Fosco Loregian


I am a mathematician. I enjoy stuff like category theory, underground brawls, lager beers, artificial languages, Japanese philosophy, apple juice, maps and typography. Drop me a line at


t-structures in stable \infty-categories

[PDF] This is the the­sis col­lect­ing the three works below.

Recollements in stable \infty-categories

[PDF] This is the third joint work with D. Fiorenza, about tt-struc­tures in sta­ble \infty-cat­e­gories, which stud­ies rec­olle­ments. We develop the the­ory of rec­olle­ments in a sta­ble \infty-cat­e­gor­i­cal set­ting. In the axiom­a­ti­za­tion of Beilin­son, Bern­stein and Deligne, rec­olle­ment sit­u­a­tions pro­vide a gen­er­al­iza­tion of Grothen­dieck’s “six func­tors” between derived cat­e­gories. The adjoint­ness rela­tions between func­tors in a rec­olle­ment induce a “rec­ollee” tt-struc­ture on D\mathcal{D}, given tt-struc­tures t0t_0, t1t_1 on D0\mathcal{D}_0, D1\mathcal{D}_1. Such a clas­si­cal result, well known in the set­ting of tri­an­gu­lated cat­e­gories, acquires a new taste when tt-struc­ture are described as suit­able (\infty-cat­e­gor­i­cal) fac­tor­iza­tion sys­tems: the cor­re­spond­ing fac­tor­iza­tion sys­tem enjoys a num­ber of inter­est­ing for­mal prop­er­ties and unex­pected auto­d­u­al­i­ties. In the geo­met­ric case of a strat­i­fied space, var­i­ous rec­olle­ments arise, which “in­ter­act well” with the com­bi­na­torics of the inter­sec­tions of strata to give a well-de­fined, asso­cia­tive oper­a­tion. From this we deduce a gen­er­al­ized asso­cia­tive prop­erty for nn-fold glu­ings, valid in any sta­ble \infty-category.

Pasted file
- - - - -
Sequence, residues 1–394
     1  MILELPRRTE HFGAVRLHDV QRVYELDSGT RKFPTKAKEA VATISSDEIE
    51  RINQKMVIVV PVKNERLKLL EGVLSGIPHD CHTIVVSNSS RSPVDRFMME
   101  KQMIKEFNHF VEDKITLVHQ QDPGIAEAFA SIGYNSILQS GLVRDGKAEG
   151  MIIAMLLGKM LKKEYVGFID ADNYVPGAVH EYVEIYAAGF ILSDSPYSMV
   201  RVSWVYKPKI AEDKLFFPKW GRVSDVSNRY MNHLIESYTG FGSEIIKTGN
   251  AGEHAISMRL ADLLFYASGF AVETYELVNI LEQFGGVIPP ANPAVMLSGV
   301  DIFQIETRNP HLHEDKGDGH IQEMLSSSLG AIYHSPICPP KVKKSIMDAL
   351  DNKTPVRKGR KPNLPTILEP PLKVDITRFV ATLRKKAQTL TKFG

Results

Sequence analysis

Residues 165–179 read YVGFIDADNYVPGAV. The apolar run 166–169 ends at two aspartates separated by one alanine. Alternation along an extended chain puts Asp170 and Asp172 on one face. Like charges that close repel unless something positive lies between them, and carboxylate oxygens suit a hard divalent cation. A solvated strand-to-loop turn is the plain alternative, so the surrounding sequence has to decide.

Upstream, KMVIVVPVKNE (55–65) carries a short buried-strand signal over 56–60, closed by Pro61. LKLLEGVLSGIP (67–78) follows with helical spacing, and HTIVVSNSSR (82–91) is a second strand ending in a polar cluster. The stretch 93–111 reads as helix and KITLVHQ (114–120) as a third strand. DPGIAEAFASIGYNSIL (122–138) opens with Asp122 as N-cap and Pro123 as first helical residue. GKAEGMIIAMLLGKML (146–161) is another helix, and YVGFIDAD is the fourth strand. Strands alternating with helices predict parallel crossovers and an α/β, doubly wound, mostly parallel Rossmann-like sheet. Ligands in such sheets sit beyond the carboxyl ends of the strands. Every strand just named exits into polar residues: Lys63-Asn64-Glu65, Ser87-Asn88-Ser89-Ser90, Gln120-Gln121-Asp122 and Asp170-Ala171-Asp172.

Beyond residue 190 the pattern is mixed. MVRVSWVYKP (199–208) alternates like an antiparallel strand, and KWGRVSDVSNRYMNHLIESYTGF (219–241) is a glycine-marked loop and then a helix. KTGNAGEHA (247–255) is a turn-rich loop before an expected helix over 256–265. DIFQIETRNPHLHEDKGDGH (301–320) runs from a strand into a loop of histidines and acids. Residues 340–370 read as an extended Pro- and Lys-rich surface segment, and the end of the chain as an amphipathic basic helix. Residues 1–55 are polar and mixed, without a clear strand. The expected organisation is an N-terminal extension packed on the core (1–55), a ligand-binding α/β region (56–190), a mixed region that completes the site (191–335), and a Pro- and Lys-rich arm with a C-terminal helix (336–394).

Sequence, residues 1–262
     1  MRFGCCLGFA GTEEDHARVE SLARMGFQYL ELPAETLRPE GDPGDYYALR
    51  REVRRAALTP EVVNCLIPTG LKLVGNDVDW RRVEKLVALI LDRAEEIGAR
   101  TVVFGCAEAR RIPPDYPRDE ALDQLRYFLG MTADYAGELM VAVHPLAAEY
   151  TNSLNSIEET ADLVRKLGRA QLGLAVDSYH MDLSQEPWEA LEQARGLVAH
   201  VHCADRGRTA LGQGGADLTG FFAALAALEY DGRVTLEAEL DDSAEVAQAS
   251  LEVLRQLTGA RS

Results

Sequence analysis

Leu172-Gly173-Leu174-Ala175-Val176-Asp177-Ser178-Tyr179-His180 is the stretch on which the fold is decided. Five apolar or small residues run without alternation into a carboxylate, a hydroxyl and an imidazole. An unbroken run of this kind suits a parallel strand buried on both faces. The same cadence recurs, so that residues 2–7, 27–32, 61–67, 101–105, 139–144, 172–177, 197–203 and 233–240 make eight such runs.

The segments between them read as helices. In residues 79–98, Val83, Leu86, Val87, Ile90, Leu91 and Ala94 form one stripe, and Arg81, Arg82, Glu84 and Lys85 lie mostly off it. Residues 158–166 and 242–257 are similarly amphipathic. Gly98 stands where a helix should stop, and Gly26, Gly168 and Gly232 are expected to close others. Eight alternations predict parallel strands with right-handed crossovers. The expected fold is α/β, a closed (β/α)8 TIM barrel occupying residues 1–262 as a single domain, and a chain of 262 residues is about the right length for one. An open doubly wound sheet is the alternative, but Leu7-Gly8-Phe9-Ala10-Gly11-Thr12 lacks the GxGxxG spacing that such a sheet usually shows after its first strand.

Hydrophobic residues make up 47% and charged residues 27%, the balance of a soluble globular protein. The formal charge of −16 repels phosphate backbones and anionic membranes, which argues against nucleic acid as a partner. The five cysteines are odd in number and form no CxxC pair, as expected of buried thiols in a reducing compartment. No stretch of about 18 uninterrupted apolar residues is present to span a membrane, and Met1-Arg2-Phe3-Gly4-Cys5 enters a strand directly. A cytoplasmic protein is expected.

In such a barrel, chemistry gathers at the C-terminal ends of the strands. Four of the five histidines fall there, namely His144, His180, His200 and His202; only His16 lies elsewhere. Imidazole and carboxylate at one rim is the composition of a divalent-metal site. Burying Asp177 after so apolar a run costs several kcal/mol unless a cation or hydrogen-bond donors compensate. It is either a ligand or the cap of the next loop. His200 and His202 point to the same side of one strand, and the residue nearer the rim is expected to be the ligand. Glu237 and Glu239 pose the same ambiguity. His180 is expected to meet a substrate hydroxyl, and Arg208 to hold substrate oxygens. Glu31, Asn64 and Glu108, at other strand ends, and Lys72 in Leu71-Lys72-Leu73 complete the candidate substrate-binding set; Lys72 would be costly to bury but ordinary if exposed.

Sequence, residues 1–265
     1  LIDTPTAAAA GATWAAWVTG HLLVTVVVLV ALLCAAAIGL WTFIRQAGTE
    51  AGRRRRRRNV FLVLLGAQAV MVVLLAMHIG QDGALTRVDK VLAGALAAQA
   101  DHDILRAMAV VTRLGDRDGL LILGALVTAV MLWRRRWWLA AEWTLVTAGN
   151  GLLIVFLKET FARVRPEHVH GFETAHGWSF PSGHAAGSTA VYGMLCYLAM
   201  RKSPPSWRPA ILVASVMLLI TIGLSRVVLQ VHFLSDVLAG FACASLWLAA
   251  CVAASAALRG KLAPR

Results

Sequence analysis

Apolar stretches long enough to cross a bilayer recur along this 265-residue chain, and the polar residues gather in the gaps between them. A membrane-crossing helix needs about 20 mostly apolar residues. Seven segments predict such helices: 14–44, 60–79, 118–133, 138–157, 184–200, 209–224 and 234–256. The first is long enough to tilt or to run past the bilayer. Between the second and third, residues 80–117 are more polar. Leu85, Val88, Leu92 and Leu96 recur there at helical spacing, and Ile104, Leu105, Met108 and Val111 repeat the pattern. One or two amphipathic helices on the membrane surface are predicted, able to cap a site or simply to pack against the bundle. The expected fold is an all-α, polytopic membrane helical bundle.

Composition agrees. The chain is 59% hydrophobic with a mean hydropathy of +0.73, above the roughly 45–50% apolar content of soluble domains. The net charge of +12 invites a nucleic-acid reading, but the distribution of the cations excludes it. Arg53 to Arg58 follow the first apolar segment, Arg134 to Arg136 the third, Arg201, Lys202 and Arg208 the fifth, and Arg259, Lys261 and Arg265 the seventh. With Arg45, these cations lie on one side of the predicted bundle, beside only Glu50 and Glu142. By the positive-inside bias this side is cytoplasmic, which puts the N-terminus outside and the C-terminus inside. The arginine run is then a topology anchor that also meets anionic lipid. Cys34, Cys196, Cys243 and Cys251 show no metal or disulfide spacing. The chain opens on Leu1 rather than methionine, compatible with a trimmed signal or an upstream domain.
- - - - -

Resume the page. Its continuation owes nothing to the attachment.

Hearts and Towers in stable \infty-categories

This is the sec­ond joint work with D. Fiorenza, about tt-struc­tures in sta­ble \infty-cat­e­gories, which shows that in the \infty-cat­e­gor­i­cal set­ting semi­orthog­o­nal decom­po­si­tions on a sta­ble \infty-cat­e­gory C\mathcal{C} arise decom­pos­ing mor­phisms in the Post­nikov tower induced by a chain of tt-struc­tures, regarded (thanks to our pre­vi­ous work) as mul­ti­ple fac­tor­iza­tion sys­tems on C\mathcal{C}.

  A slightly unex­pected result is that tt-struc­tures hav­ing sta­ble class­es, i.e. such that both classes are sta­ble \infty-sub­cat­e­gories of C\mathcal{C}, are pre­cisely the fixed points for the nat­ural action of Z\mathbb Z on the set of tt-struc­tures, given by the shift endofunctor.

This is the (co)end, my only (co)friend

[PDF] A short note about coend cal­cu­lus. Co/ends are awe­some, once you try to use them, your math­e­mat­i­cal life changes forever. I put a con­sid­er­able effort in mak­ing the argu­ments and con­struc­tions rather explic­it: even if at some point I decided to come up with an arX­iv-ed ver­sion, this doc­u­ment must be thought as a nev­er-end­ing accu­mu­la­tion of exam­ples, con­struc­tions and tech­niques which are bet­ter under­stood by means of co/ends. Feel free to give advices on how to improve the discussion!

tt-structures are normal torsion theories

[PDF] My first joint work with D. Fiorenza, lay­ing the foun­da­tions of the the­ory of tt-struc­tures in sta­ble \infty-cat­e­gories under the uni­fy­ing notion of a “nor­mal tor­sion the­o­ry”: as you can see in the abstract, we char­ac­ter­ize tt-struc­tures in sta­ble \infty-cat­e­gories as suit­able qua­si­cat­e­gor­i­cal fac­tor­iza­tion sys­tems. More pre­cisely we show that a tt-struc­ture on a sta­ble \infty-cat­e­gory C\mathcal{C} is equiv­a­lent to a nor­mal tor­sion the­ory F\mathbb{F} on C\mathcal{C}, i.e. to a fac­tor­iza­tion sys­tem (E,M)(\math­cal{E}, \mathcal{M}) where both classes sat­isfy the 3-for-2 can­cel­la­tion prop­er­ty, and a cer­tain com­pat­i­bil­ity with pullbacks/pushouts.